Chris Matthews Asked SPLC's Potok When Did Scary 'Black Helicopters' Anti-Government Talk Start? With Reagan
On Tuesday night's Hardball, MSNBC's Chris Matthews invited Mark Potok of the leftist Southern Poverty Law Center to estimate when all this frightening and hateful anti-government militia talk started. Potok argued it began with Ronald Reagan, and his supposed description of "the federal government as a kind of enemy."
Matthews said one could be concerned about government growing too large, "But then there are people who've taken up arms. There are people who are worried about the black helicopters. There are people that think now not that government's a problem but government's the enemy, that it's foreign, that it's almost like the old Kremlin wall, you know? They think of it as hostile. When did that start, Mark?"
POTOK: Well, I think one could make the argument that, that really began with Ronald Reagan and the description of the federal government as a kind of enemy. And it was very much ginned up through the decades by talk radio, and so on.
And we saw the first iteration, it seems to me, of real focused rage against the federal government in the 1990s, when the militia movement took that standard and brought it to new heights, or really depths. You know, and that, as we all know, culminated in the murder of 168 people in Oklahoma City back in 1995.
Just yesterday, a white supremacist from Tennessee pleaded guilty to plotting to kill then presidential candidate Barack Obama in 2008. It was to be the grand finale of a cross-country killing spree aimed at African-Americans. His co-defendant pled guilty in January. Well, there you have it. What is going on right now, Mark, in this country? Because it's not all right wing. Much of it is.
POTOK: I mean, I think we are seeing out there a real explosion of rage, of fear, of frustration, and I think a great deal of it is being stoked not only by groups and ideas of the radical right, but by many people in the ostensible mainstream who are kind of feeding the flames.
POTOK: You know, it's good to see—people like John Boehner coming out and criticizing some of the talk, that it is very much a day late and a dollar short at this point. You know, and there are many things going on out there that have people extremely upset.
MATTHEWS: Do you think those Republican members of Congress who waved the Gadsden flag, the “Don't tread on me” flag, which is a symbol of fighting tyranny, is good or bad in terms of calming things down? That was a flag that was used to fight an enemy imperial nation, London, the British empire, which basically had us under its hoof. Now it's being used to attack our own government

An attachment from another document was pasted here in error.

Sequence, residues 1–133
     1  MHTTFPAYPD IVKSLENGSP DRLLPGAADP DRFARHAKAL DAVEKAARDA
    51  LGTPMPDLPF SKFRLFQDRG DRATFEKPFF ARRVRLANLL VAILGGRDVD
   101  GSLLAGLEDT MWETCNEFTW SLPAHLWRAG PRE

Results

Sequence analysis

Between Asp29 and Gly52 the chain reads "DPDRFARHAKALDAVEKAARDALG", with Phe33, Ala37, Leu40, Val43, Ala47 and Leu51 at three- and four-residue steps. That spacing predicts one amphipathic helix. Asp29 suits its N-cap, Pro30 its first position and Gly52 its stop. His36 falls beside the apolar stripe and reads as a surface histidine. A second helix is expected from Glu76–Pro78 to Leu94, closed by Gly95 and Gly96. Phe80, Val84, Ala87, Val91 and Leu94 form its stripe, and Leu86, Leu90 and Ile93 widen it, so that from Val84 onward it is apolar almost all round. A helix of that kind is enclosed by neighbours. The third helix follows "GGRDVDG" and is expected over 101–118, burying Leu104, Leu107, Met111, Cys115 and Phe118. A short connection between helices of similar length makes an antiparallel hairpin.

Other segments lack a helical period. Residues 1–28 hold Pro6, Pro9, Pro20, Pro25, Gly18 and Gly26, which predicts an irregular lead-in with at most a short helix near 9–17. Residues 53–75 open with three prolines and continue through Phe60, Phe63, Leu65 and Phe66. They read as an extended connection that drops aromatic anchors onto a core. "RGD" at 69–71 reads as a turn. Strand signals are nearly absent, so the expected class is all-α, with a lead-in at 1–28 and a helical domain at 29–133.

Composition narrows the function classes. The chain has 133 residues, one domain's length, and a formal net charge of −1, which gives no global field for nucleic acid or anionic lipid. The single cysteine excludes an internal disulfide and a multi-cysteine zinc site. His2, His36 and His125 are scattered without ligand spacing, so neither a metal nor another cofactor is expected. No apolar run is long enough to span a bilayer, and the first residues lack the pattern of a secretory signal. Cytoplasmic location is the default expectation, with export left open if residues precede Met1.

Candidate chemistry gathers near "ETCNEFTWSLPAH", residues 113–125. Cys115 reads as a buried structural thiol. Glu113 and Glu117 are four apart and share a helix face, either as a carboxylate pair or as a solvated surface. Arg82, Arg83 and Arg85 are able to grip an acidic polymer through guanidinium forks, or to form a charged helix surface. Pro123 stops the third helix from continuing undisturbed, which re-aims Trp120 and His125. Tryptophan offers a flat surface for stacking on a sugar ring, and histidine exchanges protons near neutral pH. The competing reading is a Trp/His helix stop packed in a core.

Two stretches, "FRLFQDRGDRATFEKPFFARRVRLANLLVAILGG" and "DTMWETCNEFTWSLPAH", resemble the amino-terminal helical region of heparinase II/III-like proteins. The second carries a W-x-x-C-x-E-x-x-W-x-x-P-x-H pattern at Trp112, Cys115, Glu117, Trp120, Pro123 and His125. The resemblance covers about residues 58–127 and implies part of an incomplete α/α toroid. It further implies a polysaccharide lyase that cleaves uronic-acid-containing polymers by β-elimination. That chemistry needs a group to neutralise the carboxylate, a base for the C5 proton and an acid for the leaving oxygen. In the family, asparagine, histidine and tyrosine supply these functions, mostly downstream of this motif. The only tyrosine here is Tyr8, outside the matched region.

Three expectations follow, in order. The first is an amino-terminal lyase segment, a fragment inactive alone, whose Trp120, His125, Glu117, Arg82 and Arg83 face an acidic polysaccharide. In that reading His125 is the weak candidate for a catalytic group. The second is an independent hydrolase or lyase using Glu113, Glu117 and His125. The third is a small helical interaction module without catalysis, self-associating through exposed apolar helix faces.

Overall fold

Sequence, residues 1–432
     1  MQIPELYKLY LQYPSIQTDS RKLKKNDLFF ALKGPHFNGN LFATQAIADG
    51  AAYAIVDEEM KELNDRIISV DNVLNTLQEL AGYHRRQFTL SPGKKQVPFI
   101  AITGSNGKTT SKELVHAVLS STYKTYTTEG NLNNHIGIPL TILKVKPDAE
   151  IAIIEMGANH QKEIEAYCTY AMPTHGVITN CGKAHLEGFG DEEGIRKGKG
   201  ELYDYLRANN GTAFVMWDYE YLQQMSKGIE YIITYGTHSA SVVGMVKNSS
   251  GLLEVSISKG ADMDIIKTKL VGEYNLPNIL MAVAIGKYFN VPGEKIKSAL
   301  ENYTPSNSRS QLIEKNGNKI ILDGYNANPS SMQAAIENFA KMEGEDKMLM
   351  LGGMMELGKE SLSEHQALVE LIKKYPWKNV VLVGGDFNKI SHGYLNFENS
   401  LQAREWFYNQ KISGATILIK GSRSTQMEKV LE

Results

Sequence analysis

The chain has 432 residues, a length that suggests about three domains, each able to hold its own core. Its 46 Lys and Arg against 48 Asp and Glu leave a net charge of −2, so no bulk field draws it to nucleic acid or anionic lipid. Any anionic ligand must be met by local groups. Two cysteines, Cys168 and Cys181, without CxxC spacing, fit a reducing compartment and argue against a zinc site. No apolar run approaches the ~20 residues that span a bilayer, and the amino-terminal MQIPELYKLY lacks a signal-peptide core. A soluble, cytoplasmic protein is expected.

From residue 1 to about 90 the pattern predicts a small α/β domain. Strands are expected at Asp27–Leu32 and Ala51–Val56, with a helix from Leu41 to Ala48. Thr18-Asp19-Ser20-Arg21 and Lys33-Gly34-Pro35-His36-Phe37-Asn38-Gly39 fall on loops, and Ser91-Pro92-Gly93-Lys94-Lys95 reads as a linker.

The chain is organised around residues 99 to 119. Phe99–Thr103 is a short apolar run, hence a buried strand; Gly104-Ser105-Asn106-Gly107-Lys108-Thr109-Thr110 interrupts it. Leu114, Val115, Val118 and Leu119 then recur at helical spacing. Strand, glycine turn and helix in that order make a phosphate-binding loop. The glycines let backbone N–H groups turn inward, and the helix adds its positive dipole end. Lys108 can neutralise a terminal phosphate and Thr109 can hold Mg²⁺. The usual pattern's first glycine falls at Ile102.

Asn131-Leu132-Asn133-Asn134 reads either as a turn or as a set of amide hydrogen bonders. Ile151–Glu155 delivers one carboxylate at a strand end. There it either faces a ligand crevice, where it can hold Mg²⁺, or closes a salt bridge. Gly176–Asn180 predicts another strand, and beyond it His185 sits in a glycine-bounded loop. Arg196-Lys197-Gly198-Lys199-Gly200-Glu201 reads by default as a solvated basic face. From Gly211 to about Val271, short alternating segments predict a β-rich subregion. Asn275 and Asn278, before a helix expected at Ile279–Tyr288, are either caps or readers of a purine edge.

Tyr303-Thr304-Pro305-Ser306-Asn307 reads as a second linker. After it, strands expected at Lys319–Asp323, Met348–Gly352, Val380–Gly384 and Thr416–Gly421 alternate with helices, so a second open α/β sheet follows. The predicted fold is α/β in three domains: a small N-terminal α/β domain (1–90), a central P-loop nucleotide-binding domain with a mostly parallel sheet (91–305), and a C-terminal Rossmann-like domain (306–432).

POTOK: Yeah. I mean, I think it‘s very symbolic of the sorry past that we have come to as a nation in terms of our political discourse. You know, the Gadsden flag is very much also in, in contemporary society the flag of the militia movement. It's the "Don't mess with us," you know? And it really implies, "Don't mess with us at the point of a gun."
So no, I don't think they should be waving the Gadsden flag. I don't think they should be talking about watering the tree of liberty with the blood of patriots and tyrants. I don't think they should be talking about death panels and secret invasion plans by Mexico. You know, I think all of these things merely stoke up the fear out there, and fear leads quickly to frustration, and ultimately, to rage. And I think that, that rage is reflected in some of the events that you mentioned in your introduction.
What's bizarre is how Matthews disposed of the arrest of Norman Leboon, who threatened to kill House Republican leader Eric Cantor. Somehow, when John F. Kennedy was killed, it was a period of dangerous right-wing anger just like today:
I do believe there's dangers when the zeitgeist gets very nasty. People from the left begin to operate even if the right wing were the ones who stirred things up. You saw that with the threat against Mr. Cantor from Virginia by that Philadelphia guy. Now, maybe he's disturbed. We'll find that out as the psychiatric report is given. But it seems like, you know, saw Lee Harvey Oswald shot Jack Kennedy, a man of the far left, a Castro guy, killed Kennedy at the time that the right wing was the big danger.
Matthews closed the segment with Potok and fellow "hate" expert Brian Levin: "You know, guys, I can remember exactly the Zeitgeist of the fall of 1963. I'll say no more. I felt it. I know what it feels like. We're not quite there, but that spitting on people—we'll get to more of that on the show today. Spitting on people like Adlai Stevenson and members of Congress is the first step towards real violence."